Camping World's bid of $15.6 million -- plus $22.15 million for other assets -- was the winning bid in a bankruptcy auction held last week by the U.S. Bankruptcy Court for the District of Minnesota, the company said. The court also chose a group of liquidators that will conduct liquidation sales at substantially all of Gander Mountain's existing stores.
The court will sign off on the winning bids Wednesday.
Among the assets Camping World will obtain are intellectual property rights, operating systems and platforms, certain distribution center equipment, the Gander Mountain and Overton's e-commerce business and fixtures and equipment for the Overton's retail and corporate operations.
"The Gander Mountain and Overton customer and their affinity to the outdoor lifestyle are the perfect complement to our Camping World business," Lemonis said. "The structure of our deal provides much flexibility and will not only allow us to refine the inventory selection and select only those stores which are profitable or we believe have a clear path to profitability, but will also allow us to immediately offer our comprehensive portfolio of services, protection plans, products and resources to the existing Gander Mountain and Overton customer base and in stores in which we elect to operate."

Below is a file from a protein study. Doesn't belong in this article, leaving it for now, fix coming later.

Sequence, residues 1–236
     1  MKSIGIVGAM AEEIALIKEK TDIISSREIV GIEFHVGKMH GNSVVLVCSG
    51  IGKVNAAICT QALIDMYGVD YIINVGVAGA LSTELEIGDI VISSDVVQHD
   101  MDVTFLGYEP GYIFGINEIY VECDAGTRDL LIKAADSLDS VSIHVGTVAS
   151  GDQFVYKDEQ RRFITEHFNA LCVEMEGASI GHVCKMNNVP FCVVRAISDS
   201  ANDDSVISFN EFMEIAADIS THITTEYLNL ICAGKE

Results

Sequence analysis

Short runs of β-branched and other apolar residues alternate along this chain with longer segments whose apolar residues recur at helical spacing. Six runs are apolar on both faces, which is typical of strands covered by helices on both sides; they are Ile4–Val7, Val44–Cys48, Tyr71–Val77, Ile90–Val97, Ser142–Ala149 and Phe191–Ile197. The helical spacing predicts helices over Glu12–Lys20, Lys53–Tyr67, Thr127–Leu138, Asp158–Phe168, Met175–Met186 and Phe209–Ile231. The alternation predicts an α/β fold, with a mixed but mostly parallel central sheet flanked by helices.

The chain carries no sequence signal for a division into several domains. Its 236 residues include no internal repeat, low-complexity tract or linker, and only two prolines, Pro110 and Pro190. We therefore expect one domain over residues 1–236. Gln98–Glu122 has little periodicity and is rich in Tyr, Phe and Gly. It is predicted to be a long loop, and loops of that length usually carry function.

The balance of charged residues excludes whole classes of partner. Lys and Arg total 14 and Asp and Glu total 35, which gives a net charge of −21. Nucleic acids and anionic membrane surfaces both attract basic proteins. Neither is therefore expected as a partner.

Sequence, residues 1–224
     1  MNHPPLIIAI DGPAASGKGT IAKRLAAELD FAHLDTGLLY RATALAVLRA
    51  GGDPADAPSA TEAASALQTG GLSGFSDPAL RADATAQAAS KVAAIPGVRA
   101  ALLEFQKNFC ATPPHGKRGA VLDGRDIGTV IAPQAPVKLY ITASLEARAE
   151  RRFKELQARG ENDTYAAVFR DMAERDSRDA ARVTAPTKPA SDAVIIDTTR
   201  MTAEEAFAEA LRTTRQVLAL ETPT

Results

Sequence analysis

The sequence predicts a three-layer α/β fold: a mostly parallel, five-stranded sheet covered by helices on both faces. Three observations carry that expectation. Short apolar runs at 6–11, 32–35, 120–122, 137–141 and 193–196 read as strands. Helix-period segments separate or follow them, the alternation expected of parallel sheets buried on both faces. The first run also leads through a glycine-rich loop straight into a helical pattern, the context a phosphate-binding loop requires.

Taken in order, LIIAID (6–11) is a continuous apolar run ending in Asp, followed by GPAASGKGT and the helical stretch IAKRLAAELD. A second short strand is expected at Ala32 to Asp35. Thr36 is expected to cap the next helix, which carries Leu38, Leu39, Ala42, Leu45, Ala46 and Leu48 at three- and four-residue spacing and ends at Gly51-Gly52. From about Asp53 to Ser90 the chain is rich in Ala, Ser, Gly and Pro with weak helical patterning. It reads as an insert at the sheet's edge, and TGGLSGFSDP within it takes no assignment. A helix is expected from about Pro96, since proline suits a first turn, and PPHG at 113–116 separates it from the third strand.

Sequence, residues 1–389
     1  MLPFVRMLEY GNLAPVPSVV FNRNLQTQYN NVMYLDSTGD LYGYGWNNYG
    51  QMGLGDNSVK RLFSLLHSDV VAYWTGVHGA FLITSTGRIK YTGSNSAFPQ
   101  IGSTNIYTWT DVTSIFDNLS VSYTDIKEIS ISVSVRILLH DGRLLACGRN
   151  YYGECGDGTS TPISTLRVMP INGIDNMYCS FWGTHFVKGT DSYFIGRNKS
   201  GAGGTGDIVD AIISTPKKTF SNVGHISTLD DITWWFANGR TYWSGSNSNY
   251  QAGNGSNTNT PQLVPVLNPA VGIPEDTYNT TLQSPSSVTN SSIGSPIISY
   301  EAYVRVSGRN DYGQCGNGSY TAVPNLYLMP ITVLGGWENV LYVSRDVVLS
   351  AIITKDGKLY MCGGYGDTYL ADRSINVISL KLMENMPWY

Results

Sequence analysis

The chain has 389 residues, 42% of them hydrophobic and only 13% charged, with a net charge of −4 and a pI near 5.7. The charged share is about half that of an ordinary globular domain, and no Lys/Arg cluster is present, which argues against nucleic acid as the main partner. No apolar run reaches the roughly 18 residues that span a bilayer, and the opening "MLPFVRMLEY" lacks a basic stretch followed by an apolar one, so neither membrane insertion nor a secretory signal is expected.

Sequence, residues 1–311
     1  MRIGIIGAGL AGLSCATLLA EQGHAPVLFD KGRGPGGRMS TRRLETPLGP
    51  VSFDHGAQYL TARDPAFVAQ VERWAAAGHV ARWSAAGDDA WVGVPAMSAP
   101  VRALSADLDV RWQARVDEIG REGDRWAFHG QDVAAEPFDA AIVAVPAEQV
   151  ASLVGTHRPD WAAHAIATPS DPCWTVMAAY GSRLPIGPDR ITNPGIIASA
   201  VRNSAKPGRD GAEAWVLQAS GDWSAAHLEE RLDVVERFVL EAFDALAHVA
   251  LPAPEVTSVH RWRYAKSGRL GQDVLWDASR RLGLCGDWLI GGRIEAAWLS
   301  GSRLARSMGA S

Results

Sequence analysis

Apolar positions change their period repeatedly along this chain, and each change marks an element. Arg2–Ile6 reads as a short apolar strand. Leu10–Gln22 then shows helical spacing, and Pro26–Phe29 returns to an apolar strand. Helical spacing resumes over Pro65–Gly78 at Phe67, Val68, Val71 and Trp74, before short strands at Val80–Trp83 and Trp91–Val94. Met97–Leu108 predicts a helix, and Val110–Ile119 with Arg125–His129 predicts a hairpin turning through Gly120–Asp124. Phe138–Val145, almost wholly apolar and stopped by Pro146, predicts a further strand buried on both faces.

Lemonis added that the company is obligated to operating 17 stores, but designation rights "will allow us to operate stores and retain employees at a number to maximize profitability."
Camping World Chief Operating Officer Brent Moody said they plan to initially operate only in locations with occupancy costs "that we believe support profitable operations, with an extreme focus on corporate overhead and expenses."
St. Paul-based Gander Mountain, a retailer of outdoors recreational equipment and clothing, filed for Chapter 11 bankruptcy in early March and closed 32 of 162 stores, including one in Algonquin, as a result.
Camping World, the nation's largest retailer of recreational vehicles and equipment, has more than 120 stores in the U.S.